As Ursula Le Guin asserts in her introduction to The Left Hand of Darkness (1980), science fiction is metaphor. She writes, “What sets it apart from older forms of fiction seems to be its use of new metaphors, drawn from certain great dominants in our contemporary life—science, all of the sciences, and technology, and the relativistic and the historical outlook, among them. Space travel is one of those metaphors; so is an alternative society, an alternative biology; the future is another. The future, in fiction, is a metaphor.”

What I love about Le Guin’s description is it describes exactly why I’m fascinated by science fiction: it offers the ability to examine truths through channeling new and inventive ways of exploring human progress and the imagination. It’s the reason War of the Worlds has moved society via three distinct mediums (and multiple adaptations), producing entirely unique experiences from the same well-known story. Science fiction allows us to imagine – by way of metaphor – what it is that is important in society, what is it that we are most scared of (and why) – and how we might produce a better future for ourselves, which ultimately asks us to think about who we are and why we do what we do in this very moment.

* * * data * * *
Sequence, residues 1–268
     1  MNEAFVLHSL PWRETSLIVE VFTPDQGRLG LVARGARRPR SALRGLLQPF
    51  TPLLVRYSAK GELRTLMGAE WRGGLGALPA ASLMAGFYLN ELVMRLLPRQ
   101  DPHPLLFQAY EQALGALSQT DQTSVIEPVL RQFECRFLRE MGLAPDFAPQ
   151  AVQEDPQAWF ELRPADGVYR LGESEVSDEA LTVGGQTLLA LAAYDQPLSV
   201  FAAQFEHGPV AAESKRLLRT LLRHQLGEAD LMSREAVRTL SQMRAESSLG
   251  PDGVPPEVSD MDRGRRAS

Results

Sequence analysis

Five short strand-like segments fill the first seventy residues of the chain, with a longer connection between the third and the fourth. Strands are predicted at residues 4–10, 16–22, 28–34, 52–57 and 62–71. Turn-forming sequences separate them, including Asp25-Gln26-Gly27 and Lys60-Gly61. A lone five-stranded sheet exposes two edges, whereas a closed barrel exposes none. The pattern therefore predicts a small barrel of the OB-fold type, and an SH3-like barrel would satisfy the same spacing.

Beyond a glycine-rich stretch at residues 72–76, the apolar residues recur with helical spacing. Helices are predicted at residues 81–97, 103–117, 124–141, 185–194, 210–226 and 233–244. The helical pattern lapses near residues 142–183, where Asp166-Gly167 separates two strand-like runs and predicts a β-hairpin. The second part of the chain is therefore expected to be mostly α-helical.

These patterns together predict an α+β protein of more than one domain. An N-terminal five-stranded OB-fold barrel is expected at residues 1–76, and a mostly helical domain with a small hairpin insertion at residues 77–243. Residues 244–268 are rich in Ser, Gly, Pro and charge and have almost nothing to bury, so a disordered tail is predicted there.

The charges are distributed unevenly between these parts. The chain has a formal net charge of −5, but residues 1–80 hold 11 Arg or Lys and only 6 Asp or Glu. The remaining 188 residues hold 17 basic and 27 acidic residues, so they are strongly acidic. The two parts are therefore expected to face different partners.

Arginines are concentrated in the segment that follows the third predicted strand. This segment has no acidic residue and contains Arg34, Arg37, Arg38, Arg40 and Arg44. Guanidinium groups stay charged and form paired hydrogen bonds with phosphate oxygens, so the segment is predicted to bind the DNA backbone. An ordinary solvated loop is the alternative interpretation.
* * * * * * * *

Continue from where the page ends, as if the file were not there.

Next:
I believe science fiction is a means of exploring both individual and social morals and ethics—of asking questions that aren’t often asked in everyday life. Questions like: If it were the end of the world, what would matter? What science and technology will help us endure? What is utopia? What is dystopia? What are our weaknesses and our strengths? How can we build a better world for ourselves and each other? How do we do the right thing – in a parallel universe, during an alien invasion, and yes, right now in our real and waking lives?